Waters program

Brief history

The Division of Lands and Minerals’ Mine Permitting and Coordination unit administers the Waters program. The Waters program manages water resources as it relates to mining activities through permitting, provides technical expertise, and collects information to support and inform permitting decisions. Waters program staff work cooperatively with the Division of Ecological and Water Resources to monitor for local and regional hydrologic conditions. The Division of Ecological and Water Resources primarily monitors for hydrologic conditions across the state. Whereas, the Division of Lands and Minerals’ Waters program focuses on monitoring surface water and groundwater for proposed or permitted mining areas. The Waters program also works on several special projects including but not limited to the Canisteo Mine Pit, Hill Annex Mine Pit, and St. James Mine Pit.

 

Permitting

Minnesota Statutes direct the Department of Natural Resources to manage water resources to provide for reasonable use while ensuring long-term sustainability and natural resource protection. Management of these resources is authorized to the commissioner and may be conducted through water permitting as directed by Minnesota Statutes, chapter 103G. Minnesota Rules, chapter 6115 was adopted to direct the means by which water appropriation and public waters work permits are managed. Water management activities authorized under Minnesota Statutes and Rules include the review, issuance, or denial of water permits, and the modification, suspension, or termination of existing permits.

The Water Appropriation Permit and Public Waters Work Permit programs are administered by the Division of Ecological and Water Resources. Authority to manage water permits for mining-related activities is delegated to the Division of Lands and Minerals. These activities include ferrous, non-ferrous metallic mineral, and peat mining operations. The Division of Lands and Minerals also manages water permits for municipalities and other entities whose operations are closely related to mining activities.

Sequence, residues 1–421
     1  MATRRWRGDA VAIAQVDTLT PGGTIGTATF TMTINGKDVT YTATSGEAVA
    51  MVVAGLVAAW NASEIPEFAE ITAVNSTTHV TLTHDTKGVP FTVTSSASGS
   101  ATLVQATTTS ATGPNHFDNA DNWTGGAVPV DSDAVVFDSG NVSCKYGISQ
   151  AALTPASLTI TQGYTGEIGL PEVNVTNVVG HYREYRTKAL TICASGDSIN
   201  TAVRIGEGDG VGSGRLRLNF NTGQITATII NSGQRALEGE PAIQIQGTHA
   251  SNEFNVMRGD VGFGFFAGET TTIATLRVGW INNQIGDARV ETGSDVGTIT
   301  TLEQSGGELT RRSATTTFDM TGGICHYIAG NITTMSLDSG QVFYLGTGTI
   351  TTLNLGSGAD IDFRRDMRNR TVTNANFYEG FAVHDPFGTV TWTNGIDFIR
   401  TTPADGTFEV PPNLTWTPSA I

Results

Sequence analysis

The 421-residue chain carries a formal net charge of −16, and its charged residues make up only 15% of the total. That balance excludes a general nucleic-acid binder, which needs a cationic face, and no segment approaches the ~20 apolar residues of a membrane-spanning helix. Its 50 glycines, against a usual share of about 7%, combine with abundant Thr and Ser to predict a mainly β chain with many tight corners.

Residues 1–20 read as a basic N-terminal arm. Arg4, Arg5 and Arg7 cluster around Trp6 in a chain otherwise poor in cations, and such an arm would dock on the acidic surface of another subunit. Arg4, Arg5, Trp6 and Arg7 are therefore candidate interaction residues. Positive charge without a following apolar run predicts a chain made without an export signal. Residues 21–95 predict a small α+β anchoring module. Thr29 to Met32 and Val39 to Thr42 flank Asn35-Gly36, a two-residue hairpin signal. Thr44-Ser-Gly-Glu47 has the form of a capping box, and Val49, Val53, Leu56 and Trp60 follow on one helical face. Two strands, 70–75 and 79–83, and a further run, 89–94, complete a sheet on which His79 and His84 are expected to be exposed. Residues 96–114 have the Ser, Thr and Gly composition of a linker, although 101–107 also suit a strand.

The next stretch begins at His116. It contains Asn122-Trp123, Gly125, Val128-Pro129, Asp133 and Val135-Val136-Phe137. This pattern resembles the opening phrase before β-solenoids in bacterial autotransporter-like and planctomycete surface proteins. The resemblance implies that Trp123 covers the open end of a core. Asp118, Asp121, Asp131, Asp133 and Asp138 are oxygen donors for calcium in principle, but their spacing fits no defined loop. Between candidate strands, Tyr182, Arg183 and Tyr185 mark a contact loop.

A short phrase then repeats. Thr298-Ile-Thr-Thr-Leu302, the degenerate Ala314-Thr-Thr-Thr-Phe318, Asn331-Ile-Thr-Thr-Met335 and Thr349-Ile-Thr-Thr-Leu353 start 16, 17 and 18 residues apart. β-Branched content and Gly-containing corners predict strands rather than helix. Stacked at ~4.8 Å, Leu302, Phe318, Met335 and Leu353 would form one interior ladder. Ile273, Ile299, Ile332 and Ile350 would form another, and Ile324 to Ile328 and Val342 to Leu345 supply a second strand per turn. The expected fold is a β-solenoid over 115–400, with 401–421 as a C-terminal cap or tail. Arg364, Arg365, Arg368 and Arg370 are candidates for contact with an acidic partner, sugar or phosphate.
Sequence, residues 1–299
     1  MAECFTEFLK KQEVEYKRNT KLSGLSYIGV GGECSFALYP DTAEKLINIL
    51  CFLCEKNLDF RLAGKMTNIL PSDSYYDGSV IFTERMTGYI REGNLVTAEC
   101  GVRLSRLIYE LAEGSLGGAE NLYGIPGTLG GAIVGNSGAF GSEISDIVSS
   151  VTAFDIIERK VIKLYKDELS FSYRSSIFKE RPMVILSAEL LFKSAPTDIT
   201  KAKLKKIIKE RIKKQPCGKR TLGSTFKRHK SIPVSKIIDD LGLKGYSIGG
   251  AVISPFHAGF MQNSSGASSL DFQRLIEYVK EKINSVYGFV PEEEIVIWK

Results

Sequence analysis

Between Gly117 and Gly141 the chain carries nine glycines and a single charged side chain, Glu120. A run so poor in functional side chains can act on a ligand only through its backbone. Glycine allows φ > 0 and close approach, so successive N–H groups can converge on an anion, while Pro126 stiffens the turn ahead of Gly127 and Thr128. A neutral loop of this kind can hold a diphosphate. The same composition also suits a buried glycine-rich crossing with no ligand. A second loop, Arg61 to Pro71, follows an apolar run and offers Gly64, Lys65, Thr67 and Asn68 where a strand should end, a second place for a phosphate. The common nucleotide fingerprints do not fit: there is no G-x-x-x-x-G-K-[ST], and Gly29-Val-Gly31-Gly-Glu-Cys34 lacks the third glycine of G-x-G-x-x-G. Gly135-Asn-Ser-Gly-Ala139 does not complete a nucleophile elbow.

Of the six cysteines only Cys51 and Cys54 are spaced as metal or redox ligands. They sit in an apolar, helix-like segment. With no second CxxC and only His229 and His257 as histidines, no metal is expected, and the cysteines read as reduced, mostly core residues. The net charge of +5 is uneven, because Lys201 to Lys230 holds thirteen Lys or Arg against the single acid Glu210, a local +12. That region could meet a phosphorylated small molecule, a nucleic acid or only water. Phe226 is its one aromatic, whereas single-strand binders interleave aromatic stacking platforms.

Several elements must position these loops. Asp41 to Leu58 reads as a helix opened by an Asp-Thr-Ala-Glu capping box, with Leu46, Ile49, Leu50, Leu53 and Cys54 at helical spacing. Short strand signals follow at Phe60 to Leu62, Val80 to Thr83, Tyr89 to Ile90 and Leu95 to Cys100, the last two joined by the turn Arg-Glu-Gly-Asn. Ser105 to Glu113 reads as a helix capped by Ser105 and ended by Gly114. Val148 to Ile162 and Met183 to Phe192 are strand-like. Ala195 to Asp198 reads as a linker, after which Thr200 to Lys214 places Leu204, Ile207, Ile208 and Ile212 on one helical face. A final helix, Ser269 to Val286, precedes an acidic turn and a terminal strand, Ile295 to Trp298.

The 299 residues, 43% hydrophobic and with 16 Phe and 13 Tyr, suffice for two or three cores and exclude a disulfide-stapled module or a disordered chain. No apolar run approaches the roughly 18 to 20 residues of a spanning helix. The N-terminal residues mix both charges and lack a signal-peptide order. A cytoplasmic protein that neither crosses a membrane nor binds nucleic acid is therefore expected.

Diversion or drainage of waters for mining requirements are outlined under Minnesota Statutes, section 103G.297. Additional requirements and conditions for water appropriation permits and alterations of public waters for mining are outlined under Minnesota Rules, part 6115.0720 and 6115.0280, respectively.

 

Do I need a permit?

  • A water appropriation permit is required to withdraw more than 10,000 gallons of water per day or 1 million gallons of water per year.
  • A public waters work permit is required for any activity affecting the course, current, or cross section of public waters.

Exemptions for the requirement of a water appropriation permit and public waters work permit are found at Minnesota Statutes, section 103G.271 and 103G.245, respectively.

Water permit application

Those seeking a new water appropriation or public waters work permit or an amendment of an existing permit for mining-related activities are encouraged to contact the staff below with delegated permitting authority to discuss the proposed activity prior to submitting an application or amendment request through the online Minnesota Department of Natural Resources Permitting and Reporting System (MPARS).

To apply for a water permit, use MPARS. Permit application fees may apply for a new permit or request for permit amendment.

 

Inspection

Examinations of permitted appropriations and associated monitoring are conducted annually, or as situations warrant, under the commissioner’s authority. These site visits also serve as an opportunity for the Division of Lands and Minerals to discuss with the permittee on-site water use, anticipated changes to water movement, and questions regarding the permitting process.

The commissioner has the authority to inspect the work during and after construction for public waters work permits.

 

Environmental monitoring

Environmental monitoring may be a requirement of water permits to evaluate for resource impacts from permitted appropriations and proposed projects. Measurement frequency and measuring method may be determined based on:

  • the quantity of water appropriated or used,
  • the source of water,
  • potential connections to other water resources,
  • the method of appropriation or using water,
  • seasonal and long-term changes in water levels, and
  • any other facts supplied to the commissioner.

 

Staff